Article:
Losses could hurt English off the field Team's 0-4 showing puts $200,000 in funding at risk

World Games notebook

July 21, 1998|By Jamison Hensley and Ryan Basen Eduardo Encina contributed to this report

The English weren't just fighting to remain in contention for a medal yesterday, they were battling for their lacrosse lives.

England, which has participated in every World Games along with the United States, Canada and Australia, lost its final chance to advance to the medal round, bowing to the Australians, 11-6. That means England (0-4) will finish below fourth place for the first time in the 31 years of the World Games and, as a result, could lose funding in excess of $200,000, putting further international participation at risk.

"It could have implications," said David Shuttleworth, the International Lacrosse Federation committee member in charge of development in England. "Going from fourth to fifth could have detrimental effects unless you can tell a pretty good story."

Aussies like their chances

The guys from Down Under still have their sights set on the top.

Although the Australians lost to the United States and Canada by three goals each, they understand from experience that the important games start tomorrow, when the semifinals begin. In 1994, Australia fell to the United States and Canada in the round robin, but came back to defeat the Canadians to win the silver medal.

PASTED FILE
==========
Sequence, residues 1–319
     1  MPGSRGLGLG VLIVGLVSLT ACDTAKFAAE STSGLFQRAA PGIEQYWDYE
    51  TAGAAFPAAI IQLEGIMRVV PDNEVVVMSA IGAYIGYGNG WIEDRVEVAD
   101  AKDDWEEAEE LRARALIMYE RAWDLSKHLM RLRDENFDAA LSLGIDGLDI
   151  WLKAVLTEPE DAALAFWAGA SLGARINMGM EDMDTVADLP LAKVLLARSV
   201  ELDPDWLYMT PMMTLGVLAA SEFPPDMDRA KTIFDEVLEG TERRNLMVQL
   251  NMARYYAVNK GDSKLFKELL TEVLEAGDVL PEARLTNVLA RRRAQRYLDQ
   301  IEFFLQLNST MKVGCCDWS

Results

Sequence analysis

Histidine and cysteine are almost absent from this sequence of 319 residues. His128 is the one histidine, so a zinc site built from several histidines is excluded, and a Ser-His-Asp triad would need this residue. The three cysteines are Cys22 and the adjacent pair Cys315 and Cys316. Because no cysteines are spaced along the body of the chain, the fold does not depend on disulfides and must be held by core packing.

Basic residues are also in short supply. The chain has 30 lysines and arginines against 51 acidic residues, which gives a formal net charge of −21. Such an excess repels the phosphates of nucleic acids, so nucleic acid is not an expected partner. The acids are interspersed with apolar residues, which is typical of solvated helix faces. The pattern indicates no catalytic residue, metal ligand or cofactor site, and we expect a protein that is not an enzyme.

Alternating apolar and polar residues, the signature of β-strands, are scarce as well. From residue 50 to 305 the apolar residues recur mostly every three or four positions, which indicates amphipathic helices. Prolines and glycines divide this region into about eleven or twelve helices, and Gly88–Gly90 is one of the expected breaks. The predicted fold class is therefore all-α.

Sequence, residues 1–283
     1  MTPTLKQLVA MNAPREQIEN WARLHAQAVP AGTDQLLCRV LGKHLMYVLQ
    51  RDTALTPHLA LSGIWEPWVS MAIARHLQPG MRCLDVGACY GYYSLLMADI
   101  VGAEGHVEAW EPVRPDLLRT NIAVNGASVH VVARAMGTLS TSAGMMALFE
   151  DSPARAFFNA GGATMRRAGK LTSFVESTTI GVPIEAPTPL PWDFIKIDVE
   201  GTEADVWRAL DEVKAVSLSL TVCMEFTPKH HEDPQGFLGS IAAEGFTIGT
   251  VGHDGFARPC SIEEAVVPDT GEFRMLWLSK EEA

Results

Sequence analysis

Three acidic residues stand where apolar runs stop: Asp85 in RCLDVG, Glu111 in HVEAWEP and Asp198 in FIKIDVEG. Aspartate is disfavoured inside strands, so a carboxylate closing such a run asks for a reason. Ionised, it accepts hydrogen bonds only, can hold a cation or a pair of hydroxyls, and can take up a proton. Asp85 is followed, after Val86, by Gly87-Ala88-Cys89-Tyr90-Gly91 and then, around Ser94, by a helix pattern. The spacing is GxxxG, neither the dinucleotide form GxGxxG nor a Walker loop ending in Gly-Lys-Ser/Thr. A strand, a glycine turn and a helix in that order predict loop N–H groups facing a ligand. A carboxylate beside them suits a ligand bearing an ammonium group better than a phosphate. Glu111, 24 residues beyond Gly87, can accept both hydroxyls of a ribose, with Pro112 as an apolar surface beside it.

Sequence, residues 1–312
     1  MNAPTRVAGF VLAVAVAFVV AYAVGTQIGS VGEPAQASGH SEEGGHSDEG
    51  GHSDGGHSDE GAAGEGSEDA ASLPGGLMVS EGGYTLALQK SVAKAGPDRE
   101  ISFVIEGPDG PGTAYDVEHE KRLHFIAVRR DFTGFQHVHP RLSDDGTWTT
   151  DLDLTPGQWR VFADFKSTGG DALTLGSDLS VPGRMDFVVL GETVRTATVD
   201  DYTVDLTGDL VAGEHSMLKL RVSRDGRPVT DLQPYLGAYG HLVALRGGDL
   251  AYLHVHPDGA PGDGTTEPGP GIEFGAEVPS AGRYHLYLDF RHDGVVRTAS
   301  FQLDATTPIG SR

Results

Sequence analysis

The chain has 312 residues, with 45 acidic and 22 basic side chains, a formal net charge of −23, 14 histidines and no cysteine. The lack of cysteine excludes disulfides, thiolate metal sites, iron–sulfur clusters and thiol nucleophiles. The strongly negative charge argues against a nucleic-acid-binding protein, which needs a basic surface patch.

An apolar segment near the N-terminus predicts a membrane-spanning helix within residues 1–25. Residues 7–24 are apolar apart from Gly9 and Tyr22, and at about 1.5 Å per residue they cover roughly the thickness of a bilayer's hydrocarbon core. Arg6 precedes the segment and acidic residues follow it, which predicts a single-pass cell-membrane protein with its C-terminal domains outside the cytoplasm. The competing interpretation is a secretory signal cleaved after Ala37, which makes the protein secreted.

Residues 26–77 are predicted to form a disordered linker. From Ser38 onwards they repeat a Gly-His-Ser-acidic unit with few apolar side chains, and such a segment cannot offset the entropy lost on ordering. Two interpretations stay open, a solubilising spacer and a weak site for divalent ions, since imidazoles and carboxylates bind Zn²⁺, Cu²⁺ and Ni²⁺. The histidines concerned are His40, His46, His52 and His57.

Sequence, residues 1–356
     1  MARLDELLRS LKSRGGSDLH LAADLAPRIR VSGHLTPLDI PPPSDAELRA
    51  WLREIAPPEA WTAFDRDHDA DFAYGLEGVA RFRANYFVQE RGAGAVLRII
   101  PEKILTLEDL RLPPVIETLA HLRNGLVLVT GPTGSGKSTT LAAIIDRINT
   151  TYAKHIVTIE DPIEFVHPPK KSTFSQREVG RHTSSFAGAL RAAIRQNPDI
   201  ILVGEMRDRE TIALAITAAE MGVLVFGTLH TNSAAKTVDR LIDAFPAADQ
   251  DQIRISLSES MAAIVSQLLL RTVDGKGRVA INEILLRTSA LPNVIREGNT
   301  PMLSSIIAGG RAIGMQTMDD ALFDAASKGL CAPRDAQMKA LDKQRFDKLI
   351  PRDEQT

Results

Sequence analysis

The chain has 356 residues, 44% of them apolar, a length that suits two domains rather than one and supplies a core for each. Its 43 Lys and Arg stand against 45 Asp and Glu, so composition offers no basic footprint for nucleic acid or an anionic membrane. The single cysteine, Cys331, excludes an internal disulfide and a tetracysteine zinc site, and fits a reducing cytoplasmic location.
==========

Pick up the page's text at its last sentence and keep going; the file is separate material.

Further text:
"It certainly does remind me of 1994," said Australian midfielder Gordon Purdie, the Best Midfielder of the 1994 Games. "We're a young team and just need to put it together. We're confident we can handle anybody."

Teen enjoys German run

Germany's success has largely been attributed to its powerful attack, but American-born teen-age goalie Alex Schultes also has been instrumental.

Schultes' father was born in Germany. That made Schultes eligible to try out for the German team. At 17, he is a student at Episcopal High School in Alexandria, Va., and is among the youngest players in the tournament.

He joined the German team last year when he was asked to try out following a student exchange trip to Germany. He did, made the team and joined his teammates for the 1997 European championships in Sweden.

Now Schultes plays for a club team in Munich and is starting in goal for the national team.

Because he has taken five years of German in school and frequently practices the language with his grandmother, he has had few problems communicating with teammates.

"It's been really fun out here," he said. "And I feel like we've really played well here. We've never won three games before."

Pub Date: 7/21/98

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